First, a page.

State provides vaccine update during COVID briefing
December 9, 2020
SANTA FE — State officials provided an update on COVID-19 vaccinations and promising numbers on reduced spread of the virus, but encouraged continued adherence to public health orders and common-sense COVID-safe protocols.
During a virtual update Thursday afternoon by the governor’s office, the state reported 1,791 new cases of COVID-19, including 24 in Curry County and eight in Roosevelt County.
The state also reported 23 new deaths, including a male in his 70s from Curry County and a male in his 80s from Roosevelt County. Both men were hospitalized.
The total state deaths through Thursday are 1,846, including 32 in Curry County and 17 in Roosevelt County.
Between Nov. 24 and Sunday, the state saw its spread rate drop from 1.3 to .79 and test positivity from 24% to 13%. Gov. Michelle Lujan Grisham said more work is needed to lower test positivity rates, and repeatedly encouraged New Mexicans to get tested.
“We are aiming for about a statewide 5%, so we have a long way to go,” Lujan Grisham said. “But this is exactly what we were hoping and aiming for. The issue is, two weeks doesn’t change the entire trajectory.
“The more we drive down positivity rates, the more counties go into yellow and green. We need more New Mexicans who are willing to get tested.”
Human Services Secretary David Scrase noted later that the state ranked 24th for daily case average per 100,000 residents, down from sixth 10 days prior.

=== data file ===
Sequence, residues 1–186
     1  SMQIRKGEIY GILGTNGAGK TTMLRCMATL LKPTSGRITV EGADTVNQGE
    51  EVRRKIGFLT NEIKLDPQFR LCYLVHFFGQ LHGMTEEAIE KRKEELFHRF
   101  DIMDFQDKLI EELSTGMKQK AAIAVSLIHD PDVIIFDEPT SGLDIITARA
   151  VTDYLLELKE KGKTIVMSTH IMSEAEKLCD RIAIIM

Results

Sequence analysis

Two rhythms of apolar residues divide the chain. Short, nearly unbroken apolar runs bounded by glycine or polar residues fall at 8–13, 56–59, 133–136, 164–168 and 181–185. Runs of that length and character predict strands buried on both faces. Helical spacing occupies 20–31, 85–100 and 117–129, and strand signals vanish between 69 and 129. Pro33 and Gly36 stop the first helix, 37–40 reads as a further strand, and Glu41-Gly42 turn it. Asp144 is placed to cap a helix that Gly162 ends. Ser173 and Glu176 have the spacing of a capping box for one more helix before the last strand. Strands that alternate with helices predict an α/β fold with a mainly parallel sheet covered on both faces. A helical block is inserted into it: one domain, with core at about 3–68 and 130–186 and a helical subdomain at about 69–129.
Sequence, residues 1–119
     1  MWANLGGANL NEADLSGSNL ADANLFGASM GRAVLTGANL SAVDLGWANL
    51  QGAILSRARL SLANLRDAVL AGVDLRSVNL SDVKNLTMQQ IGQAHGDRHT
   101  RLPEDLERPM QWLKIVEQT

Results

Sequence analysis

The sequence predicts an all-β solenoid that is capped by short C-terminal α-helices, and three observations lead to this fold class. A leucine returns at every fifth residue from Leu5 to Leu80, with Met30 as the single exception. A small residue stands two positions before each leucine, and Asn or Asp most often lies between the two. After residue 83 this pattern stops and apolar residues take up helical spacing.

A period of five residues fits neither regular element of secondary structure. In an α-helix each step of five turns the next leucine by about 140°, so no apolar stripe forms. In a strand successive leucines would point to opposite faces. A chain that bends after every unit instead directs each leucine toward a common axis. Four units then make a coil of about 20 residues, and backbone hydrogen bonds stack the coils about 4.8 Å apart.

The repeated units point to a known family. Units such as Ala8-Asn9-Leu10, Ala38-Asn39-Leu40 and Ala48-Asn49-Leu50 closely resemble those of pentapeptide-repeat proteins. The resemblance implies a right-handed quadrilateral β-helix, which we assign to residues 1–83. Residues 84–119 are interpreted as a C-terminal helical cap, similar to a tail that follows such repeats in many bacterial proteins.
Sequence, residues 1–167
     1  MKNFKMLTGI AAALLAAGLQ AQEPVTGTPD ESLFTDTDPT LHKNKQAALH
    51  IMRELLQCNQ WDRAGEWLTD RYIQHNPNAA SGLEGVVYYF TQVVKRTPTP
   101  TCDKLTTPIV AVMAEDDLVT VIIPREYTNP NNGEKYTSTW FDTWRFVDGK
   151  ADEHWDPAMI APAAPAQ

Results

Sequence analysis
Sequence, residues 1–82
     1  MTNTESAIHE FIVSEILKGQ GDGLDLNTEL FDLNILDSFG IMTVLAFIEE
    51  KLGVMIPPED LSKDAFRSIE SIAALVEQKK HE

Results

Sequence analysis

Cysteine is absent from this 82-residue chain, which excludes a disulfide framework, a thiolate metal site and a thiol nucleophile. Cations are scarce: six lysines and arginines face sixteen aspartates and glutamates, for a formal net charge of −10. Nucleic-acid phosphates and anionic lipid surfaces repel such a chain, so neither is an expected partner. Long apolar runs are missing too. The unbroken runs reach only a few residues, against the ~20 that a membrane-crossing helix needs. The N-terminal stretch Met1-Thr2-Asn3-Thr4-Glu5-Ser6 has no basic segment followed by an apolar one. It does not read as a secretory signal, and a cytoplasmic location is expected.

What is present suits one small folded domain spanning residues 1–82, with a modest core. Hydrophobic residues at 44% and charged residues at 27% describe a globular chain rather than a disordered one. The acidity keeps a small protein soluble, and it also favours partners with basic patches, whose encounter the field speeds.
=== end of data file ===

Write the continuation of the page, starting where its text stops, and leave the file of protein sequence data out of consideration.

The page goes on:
Lujan Grisham said that FDA approval is still pending, but the state is hoping to get an initial shipment of 17,550 COVID-19 vaccine doses next week.
The first shipment of the Pfizer vaccine will go to hospitals to protect frontline health care workers, while the Moderna vaccine would be directed to patients and staff at long-term care facilities, the governor said. There wouldn’t be enough doses for universal vaccination of these groups, so vaccine recipients will be chosen based on their overall risk.
Lujan Grisham projected that in late February and early March, the state could begin to start vaccination for essential workers. The state will develop plans over the coming months based on vaccine availability.
“Even with the vaccines,” Lujan Grisham said, “we’re going to have to do testing for a year or more. It’s going to take a year for us to have the kind of vaccine penetration we need to have (reduced) prevalence.”
In other items addressed Thursday:
• The state is making $194 million in supplemental unemployment payments, with $1,200 assistance checks to be distributed this month. No additional actions are required from New Mexicans on unemployment insurance.
Also, applications are open for $100 million in New Mexico small business grants at nmfinance.com and $15 million in housing assistance at housingnm.org.
• Scrase spoke briefly on the state beginning wastewater surveillance at correctional facilities and Children, Youth and Families Department facilities.
Various entities have successfully used wastewater testing quickly find and isolate COVID-positive individuals, as the virus can be detected early in waste. In one August example, the University of Arizona acted on a positive sample from a dormitory and through rapid testing found and isolated two asymptomatic individuals — thereby preventing potential spread to more than 300 residents and employees.
Scrase said wastewater testing “tells you if there are zero cases or more than zero cases,” which means that you can either quickly know that a facility of hundreds has no infections or you can do testing and quarantining knowing you’ll find infections.
• Scrase encouraged people to fill out orders for scope of treatment, which establish a patient’s wishes in scenarios that include being on life support. He recommends people do that anyway, but during a pandemic it is more critical.
“You don’t want to put your family in that position where you haven’t had that conversation,” Scrase said.